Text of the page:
Lifestyles of the fungal and famous

Haley Bridger, April 27th, 2011 | Filed under
  • A vision of fission: wild type fission yeast
    cells, stained with DAPI and actively dividing.
    Image courtesy of the Forsburg Lab

Yeast is not an organism; it is a lifestyle. Most people are familiar with baker’s yeast, a unicellular species that makes bread rise, ferments alcoholic beverages, and is used as a simple system for understanding cellular biology. But there are actually over 1,500 known species of yeast – a term that simply means single-celled fungi. Baker’s yeast falls into an important and extensively studied group of yeasts known as “budding yeasts” but there is another group of key yeast species called “fission yeasts.” And they are more like us than you might think.

In a Science paper published online last week, researchers from the Broad and beyond described and compared the genomes of the four known species of fission yeast, offering up genomic tools and new avenues of investigation for researchers who use fission yeast to study chromosome abnormalities, cell division, replication, and more.

I wrote a news story about the researchers’ findings (you can check it out here) and got to talk to Nicholas Rhind, a cell biologist who uses fission yeast in his work; Aviv Regev, a core member of the Broad who works with both fission yeast and budding yeast; and Chad Nusbaum, who leads many fungal and microbial genome projects at the Broad. I was surprised to find out just how different fission yeast is from budding yeast, and wanted to share some of what I learned here on the blog.

What’s in a name: Although they share a common name, budding yeast and fission yeast are very distantly related and took different evolutionary paths to become yeast. Budding yeasts are so named because of the way that they reproduce, with a new cell growing out of its parent like a bud branching off from a tree. Fission yeast divides by simply growing longer and longer at both ends and then splitting down the middle to form two cells.

A quick look: Baker’s yeast is about five to ten micrometers in diameter and round in shape. Fission yeast is shaped like a rod – a few micrometers across and up to 14 micrometers in length. At the genomic level, these species look even more dissimilar. For example, fission yeast has only three chromosomes whereas Baker’s yeast has 14.

Distant relations: Researchers estimate that fission yeast and budding yeast diverged somewhere between 300 and 400 million years ago (that’s around the time when amphibians and reptiles first appeared on the planet). This means that fission yeast and budding yeast are about as closely related as a human being and lobe-finned fish.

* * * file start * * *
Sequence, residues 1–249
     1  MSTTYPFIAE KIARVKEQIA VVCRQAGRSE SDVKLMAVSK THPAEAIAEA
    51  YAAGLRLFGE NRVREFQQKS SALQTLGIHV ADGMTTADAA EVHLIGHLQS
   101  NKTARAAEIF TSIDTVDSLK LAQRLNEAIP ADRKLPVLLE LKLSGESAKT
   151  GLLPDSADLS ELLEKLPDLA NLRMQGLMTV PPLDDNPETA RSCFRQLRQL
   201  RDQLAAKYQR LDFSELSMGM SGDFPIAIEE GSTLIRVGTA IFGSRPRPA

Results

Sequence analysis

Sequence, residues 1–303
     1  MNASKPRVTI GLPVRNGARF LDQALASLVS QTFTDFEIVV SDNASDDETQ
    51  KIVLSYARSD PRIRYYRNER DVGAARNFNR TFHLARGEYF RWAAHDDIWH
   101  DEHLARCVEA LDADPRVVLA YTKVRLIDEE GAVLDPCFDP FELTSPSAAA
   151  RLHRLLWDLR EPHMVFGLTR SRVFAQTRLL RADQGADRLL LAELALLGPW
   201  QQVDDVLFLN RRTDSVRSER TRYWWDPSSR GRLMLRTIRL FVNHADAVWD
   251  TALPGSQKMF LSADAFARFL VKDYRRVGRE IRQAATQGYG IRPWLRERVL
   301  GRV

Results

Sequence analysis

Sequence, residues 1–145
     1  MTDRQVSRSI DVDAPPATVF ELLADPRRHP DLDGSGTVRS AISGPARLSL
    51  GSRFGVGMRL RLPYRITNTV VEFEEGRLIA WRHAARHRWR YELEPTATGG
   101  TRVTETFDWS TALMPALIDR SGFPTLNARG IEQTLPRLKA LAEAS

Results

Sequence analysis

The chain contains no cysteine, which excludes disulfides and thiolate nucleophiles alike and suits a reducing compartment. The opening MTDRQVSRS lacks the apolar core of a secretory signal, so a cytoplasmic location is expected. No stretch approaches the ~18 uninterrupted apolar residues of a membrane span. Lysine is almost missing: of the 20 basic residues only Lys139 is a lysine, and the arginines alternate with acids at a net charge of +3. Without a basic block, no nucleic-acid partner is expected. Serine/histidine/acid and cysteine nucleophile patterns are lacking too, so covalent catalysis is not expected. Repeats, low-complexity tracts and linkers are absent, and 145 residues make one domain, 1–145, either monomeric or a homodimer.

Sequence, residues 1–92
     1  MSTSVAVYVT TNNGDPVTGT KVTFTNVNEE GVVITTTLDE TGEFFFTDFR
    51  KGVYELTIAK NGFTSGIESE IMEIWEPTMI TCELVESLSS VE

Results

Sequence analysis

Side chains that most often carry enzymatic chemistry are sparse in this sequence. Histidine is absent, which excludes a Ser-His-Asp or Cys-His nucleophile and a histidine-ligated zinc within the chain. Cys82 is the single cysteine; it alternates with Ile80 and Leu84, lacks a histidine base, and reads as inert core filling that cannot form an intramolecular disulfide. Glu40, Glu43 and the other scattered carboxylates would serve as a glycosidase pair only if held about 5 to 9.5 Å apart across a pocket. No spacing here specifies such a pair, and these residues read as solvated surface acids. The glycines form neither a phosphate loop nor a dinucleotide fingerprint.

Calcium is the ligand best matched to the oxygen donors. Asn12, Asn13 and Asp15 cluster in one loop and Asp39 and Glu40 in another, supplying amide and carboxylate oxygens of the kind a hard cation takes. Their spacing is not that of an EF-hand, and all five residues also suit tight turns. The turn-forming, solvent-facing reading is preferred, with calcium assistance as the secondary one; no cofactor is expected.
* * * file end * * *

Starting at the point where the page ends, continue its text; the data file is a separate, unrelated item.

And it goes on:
Beer necessities: Despite their differences, both budding yeast and fission yeast can be used to make alcohol. In fact, Schizosaccharomyces pombe, the most well-known fission yeast species, gets its name from the Swahili word for beer, “pombe” (it was isolated in beer from Eastern Africa). Fission yeast and budding yeast are the only fungi that make ethanol although they evolved this ability separately. Budding yeast can also eat ethanol, but fission yeast cannot.

Fungal fan base: Hundreds of researchers use yeast to study basic but important cellular processes, many of which can go haywire in diseases like cancer. Yeast has been used to study DNA repair pathways, nutrient sensing, cell growth and division, chromosomal segregation, checkpoints for DNA replication, and much more.

Famous and infamous yeasts: In addition to the yeast species already described, there is also a group of yeasts called Candida, which can have more malevolent effects. Candida can cause infections (thrush or yeast infections) in humans and animals. Most of the time, this yeast lives in the mouth, vagina, or intestinal tract of its host without causing any harm, but when it grows unchecked, it can cause illness, especially in infants and people with compromised immune systems.

The pros and cons of simplicity: Baker’s yeast had its genome sequenced in 2002 and is one of the most popular systems for studying cellular biology, but it also has certain limitations. Budding yeasts in general have streamlined their genomes, getting rid of the parts they don’t need, including many pieces that are still important in humans and other animals. Fission yeast has retained more of these groups of genes. The simplicity of budding yeast has certain advantages but studying fission yeast in addition may help researchers develop a more nuanced understanding of biology’s complexities.